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Environment and History

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Environment and History

Two Canals, Two Barrages and the Remnants of a River: Nature and Technology Along the Eider, Schleswig-Holstein's Longest River

Eike-Christian Heine

Environment and History 23 (2017): 253-283. doi: 10.3197/096734017X14900292921770

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The construction of the Eider Canal (build between 1774 and 1784) and especially of the Kiel Canal (1886–1895) had severe consequences for the river Eider. Most notably a vicious circle was generated whose main elements were growing sedimentation, the growing impact of the North Sea tides far upstream and increasingly catastrophic floods. After decades of planning, a tidal barrage began operating in 1938. Instead of bringing relief to the suffering residents it only deepened the crisis. Sedimentation increased even more until sand clogged the riverbed almost completely. The devastating storm flood of 1962 mobilised political and financial support to realise a plan engineers had been developing since the early twentieth century. Between 1967 and 1973 the Eider was dammed off in the estuary and a floodgate today controls the river's hydrology.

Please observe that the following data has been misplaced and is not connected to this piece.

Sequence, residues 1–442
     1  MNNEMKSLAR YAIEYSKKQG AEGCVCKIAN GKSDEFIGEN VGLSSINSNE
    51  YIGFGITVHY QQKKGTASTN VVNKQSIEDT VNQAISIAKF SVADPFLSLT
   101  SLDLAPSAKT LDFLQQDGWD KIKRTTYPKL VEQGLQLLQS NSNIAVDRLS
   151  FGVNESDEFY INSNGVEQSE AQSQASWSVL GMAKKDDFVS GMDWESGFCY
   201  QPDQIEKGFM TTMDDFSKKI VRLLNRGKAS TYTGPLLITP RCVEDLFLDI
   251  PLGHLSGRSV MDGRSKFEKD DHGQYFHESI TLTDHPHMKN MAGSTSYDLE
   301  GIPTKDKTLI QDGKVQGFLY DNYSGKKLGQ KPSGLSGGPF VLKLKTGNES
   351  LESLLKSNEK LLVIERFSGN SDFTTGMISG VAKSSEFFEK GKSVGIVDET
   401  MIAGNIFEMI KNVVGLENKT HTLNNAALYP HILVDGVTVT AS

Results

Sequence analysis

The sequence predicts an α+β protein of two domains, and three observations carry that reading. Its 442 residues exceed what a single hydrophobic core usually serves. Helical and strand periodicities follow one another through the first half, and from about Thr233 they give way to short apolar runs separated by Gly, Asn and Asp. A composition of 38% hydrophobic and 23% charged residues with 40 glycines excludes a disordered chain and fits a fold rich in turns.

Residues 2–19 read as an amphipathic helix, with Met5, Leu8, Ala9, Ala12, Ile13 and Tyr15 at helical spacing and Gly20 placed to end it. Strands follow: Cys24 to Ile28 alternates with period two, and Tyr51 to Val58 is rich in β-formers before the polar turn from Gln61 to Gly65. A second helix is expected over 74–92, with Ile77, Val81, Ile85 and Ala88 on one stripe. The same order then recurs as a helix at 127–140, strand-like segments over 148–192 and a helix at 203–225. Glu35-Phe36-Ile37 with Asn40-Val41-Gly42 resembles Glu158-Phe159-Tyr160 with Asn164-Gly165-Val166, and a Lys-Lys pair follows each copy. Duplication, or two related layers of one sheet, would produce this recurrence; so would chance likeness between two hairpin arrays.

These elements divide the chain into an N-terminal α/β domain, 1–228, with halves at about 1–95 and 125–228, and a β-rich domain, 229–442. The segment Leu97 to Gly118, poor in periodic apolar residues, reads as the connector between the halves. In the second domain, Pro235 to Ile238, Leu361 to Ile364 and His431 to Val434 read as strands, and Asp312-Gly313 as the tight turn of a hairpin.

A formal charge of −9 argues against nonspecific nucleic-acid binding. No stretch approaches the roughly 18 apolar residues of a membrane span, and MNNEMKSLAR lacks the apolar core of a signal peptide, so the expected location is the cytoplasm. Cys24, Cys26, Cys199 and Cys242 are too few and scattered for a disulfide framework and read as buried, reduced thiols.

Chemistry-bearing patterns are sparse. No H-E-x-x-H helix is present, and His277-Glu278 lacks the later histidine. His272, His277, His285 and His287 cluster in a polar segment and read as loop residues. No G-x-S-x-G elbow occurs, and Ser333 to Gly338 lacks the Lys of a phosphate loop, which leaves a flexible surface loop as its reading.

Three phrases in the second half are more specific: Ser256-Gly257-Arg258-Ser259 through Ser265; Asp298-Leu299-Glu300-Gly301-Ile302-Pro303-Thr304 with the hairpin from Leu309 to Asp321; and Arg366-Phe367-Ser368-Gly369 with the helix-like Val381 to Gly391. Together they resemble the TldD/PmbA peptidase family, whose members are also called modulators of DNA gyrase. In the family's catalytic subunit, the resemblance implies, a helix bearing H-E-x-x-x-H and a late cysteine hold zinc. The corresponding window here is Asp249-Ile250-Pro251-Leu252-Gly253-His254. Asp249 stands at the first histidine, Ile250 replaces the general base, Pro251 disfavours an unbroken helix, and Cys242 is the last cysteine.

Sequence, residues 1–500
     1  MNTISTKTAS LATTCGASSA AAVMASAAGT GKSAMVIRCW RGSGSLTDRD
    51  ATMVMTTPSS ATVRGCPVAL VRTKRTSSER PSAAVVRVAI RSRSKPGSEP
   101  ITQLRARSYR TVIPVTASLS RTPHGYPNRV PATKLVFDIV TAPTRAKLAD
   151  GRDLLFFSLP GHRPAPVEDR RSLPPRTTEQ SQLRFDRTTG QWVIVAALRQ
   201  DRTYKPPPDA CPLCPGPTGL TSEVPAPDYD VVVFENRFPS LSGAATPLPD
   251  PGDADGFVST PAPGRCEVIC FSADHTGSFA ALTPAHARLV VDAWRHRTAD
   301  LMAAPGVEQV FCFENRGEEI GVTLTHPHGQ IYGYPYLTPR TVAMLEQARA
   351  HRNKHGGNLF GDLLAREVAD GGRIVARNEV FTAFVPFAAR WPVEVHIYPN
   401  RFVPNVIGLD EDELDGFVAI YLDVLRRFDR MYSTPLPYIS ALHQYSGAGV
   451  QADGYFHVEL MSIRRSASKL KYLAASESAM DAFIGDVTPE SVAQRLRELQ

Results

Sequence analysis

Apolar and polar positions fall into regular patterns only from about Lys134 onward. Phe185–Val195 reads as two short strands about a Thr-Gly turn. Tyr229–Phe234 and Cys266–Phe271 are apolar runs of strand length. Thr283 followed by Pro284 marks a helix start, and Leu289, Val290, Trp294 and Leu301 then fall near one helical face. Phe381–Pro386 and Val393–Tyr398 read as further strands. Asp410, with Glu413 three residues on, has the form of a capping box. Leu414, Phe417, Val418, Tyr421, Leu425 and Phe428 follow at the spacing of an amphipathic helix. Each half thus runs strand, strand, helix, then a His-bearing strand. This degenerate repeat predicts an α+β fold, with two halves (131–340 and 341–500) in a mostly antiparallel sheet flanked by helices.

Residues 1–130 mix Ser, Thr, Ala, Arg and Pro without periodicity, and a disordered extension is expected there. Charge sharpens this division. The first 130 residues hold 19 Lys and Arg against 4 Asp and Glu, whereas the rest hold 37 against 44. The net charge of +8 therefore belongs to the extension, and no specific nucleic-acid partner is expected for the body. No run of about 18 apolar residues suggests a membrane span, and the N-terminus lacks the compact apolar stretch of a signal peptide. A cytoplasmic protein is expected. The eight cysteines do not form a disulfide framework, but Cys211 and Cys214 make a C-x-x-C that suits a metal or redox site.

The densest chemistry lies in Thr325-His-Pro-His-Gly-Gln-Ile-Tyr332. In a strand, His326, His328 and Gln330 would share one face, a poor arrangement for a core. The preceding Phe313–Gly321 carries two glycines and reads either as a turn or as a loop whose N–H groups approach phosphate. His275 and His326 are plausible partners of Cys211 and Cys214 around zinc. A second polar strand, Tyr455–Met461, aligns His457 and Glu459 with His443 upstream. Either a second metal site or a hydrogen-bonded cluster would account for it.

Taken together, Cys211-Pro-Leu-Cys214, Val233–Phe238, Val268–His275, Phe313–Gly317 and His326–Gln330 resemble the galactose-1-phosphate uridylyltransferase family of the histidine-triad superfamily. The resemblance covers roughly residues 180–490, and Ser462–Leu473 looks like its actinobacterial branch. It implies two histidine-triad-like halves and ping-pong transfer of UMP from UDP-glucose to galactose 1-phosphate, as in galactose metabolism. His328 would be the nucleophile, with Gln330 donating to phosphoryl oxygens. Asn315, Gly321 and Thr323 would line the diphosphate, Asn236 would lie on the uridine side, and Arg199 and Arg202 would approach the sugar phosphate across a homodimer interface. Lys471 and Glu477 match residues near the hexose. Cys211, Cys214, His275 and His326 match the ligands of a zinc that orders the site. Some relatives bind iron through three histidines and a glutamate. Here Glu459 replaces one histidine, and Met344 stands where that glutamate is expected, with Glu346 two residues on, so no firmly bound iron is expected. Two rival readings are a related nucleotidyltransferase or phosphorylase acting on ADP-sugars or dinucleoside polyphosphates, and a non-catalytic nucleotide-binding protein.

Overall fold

The Eider was once Schleswig-Holstein's longest river. Today it has become a collection of disconnected watercourses. The article understands the river's history as a story of escalation: building projects (canals, dykes and a tidal barrage) along the Eider's banks had unintended ecological consequences. Lacking a clear understanding of hydrology, new constructions did not help, but only caused new complications. It is also a story with a distinct ending, as the Eider Barrage of 1973 subjects the river to technological control.

KEYWORDS: Water engineering, flood control, unexpected ecological consequences

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